Desflurane's Romaniacs Blog

Chronicle of My Participation in the World's Toughest Enduro Rally – Again…

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  • Husqvarna

I love it when a plan comes together!

Posted by desflurane on April 16, 2013

I got out for a great training ride yesterday. I’ve been riding with reasonable consistency of late and I can tell that the practice is paying off! I must also attribute some of my success to the near-ideal conditions I enjoyed. It rained the night before, so the dirt was in very good condition, temperatures were hovering around 40-50°F. I can hardly over-stress the effectiveness of the TuBliss/Dunlop combo I’m running on the back of my bike. It works great under every circumstance I’ve tried thus far, and when the hook-up is good to begin with, the traction is phenomenal! As I have said before, it’s amazing what a confidence booster it is to have consistent solid grip with the rear tire. Everything becomes easier to manage and the bike seems unstoppable.

I rode “workout wash” yesterday. If you have followed my blog you may know that this has been a standard feature of my training rides for quite some time but it has been a few months since I visited. The wash consists of a rock-strewn gulley that winds its way up a broad valley floor near my home. It contains numerous small ledges (calling them waterfalls would be a bit of a stretch) and countless loose, bowling-ball sized stones to bounce around on. About three-quarters of the way along the gulley’s length it skirts around the back of a large stone outcropping. By the time I reach this point I’m good and sweaty from wrestling my bike over, around and between billions of rocks, but three or four taller more challenging ledges await me here in rapid succession. By the time I’ve tackled these obstacles I’m usually panting like a pervert in a lingerie shop…

This time workout wash passed by rather uneventfully. It was work, but no big deal, even the taller ledges rolled under my wheels like butter (well, close anyway). After climbing out of workout wash it is possible to catch a close-by bit of rarely used single track that connects into the main single track that I refer to as “the switchbacks.” Again, the good dirt/great tire combo worked fantastically, and I made one of my smoothest runs up through the dozen or so tight turns that have spat me out onto the steep, rocky hillside many a time before.

From the top of the switchbacks I cross over the ridge line of canoe hill and drop into the construction zone where I have discovered multiple places to practice technical, trials-ey moves for as long as I can stand it. Ledges, rocks, sand and gravel piles, hillclimbs and tons of other stuff can be found here. Even a pile of amorphous concrete blobs where cement trucks are emptied out. The beautiful thing is that it is all so close together. Minimal time gets wasted riding from one area of interest to the next. I can just roll from one exercise right into another, so that after two hours of continuous hard riding, I’m ready to punch the clock, having worked on a wide array of skills and situations.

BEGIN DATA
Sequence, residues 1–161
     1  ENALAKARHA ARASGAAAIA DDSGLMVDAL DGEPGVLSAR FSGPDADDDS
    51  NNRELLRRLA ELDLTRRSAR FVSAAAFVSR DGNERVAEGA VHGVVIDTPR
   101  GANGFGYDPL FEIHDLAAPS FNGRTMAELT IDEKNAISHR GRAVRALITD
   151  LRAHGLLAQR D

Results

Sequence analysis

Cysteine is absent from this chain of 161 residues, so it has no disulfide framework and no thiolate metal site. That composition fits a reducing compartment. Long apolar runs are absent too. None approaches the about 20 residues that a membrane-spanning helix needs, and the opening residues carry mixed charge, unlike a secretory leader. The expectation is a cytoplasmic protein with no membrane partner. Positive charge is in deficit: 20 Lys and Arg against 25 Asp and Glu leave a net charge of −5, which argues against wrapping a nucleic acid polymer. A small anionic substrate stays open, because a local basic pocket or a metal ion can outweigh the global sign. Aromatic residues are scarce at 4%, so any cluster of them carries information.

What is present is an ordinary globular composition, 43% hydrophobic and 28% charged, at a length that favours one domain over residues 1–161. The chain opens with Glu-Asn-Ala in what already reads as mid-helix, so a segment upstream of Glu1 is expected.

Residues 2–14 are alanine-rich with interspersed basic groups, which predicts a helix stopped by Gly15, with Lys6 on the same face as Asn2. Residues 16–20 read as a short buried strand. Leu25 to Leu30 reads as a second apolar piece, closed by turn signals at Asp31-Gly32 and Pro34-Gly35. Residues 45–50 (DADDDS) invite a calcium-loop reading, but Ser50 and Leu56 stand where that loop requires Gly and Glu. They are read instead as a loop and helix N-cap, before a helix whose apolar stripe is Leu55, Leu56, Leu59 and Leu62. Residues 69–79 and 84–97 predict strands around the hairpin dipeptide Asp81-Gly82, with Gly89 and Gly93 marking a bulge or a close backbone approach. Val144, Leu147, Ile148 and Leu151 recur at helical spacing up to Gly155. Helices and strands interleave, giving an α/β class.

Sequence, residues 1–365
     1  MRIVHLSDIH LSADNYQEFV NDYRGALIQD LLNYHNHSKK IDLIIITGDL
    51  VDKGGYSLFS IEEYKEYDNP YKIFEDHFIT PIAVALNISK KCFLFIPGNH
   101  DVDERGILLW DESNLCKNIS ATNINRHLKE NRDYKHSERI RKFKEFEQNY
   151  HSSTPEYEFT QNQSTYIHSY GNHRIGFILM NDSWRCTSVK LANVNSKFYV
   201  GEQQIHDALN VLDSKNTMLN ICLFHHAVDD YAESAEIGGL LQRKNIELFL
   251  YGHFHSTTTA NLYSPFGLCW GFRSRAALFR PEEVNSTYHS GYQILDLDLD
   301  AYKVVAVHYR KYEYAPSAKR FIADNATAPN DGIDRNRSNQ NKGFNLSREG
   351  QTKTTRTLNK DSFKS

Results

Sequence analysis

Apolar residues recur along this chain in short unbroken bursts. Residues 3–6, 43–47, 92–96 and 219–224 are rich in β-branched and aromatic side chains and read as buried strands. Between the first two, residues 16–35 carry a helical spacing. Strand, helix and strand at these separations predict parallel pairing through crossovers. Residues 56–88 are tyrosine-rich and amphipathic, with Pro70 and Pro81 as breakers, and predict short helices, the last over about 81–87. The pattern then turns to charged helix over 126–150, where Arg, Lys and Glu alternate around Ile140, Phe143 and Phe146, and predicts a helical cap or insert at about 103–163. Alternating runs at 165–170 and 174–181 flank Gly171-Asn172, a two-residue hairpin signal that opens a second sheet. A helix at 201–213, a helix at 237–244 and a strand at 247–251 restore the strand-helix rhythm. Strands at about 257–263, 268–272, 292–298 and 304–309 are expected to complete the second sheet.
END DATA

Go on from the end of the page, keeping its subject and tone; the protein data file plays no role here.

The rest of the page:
Yesterday’s ride allowed me to tackle all of the classic obstacles I’ve discovered, and even find a few new ones. My riding felt really smooth and controlled. I was definitely riding with confidence so that I could really attack obstacles and RIDE them rather than ride cautiously AT them and see what happens.

I didn’t really crash either. Which is not to say that the bike and I never parted ways unexpectedly, but these were minor occurrences. I find myself “riding out” less-than-ideal situations a lot more frequently now. And anyway, I don’t feel like I’m stretching my skills if I don’t hit the ground once in a while.

I’ve read in woodworking books and magazines that the thing that separates real high-end craftsmen from novices is the ability to cover up the mistakes you will inevitably make – not the ability to perform flawlessly. I think that riding well is very similar. Smooth, fluid riding is a lot about adjusting and recovering from unexpected occurrences (or from genuine errors) more than just nailing it perfectly every time. That’s where I really feel that I’m making some great progress. Mistakes that would surely have knocked me down not too long ago are taken in stride, and sometimes even capitalized on. As a result I find myself riding obstacles (and by riding, I mean RIDING not just hanging on to the bars and praying) that used to seem challenging and asking myself, what was the big deal?

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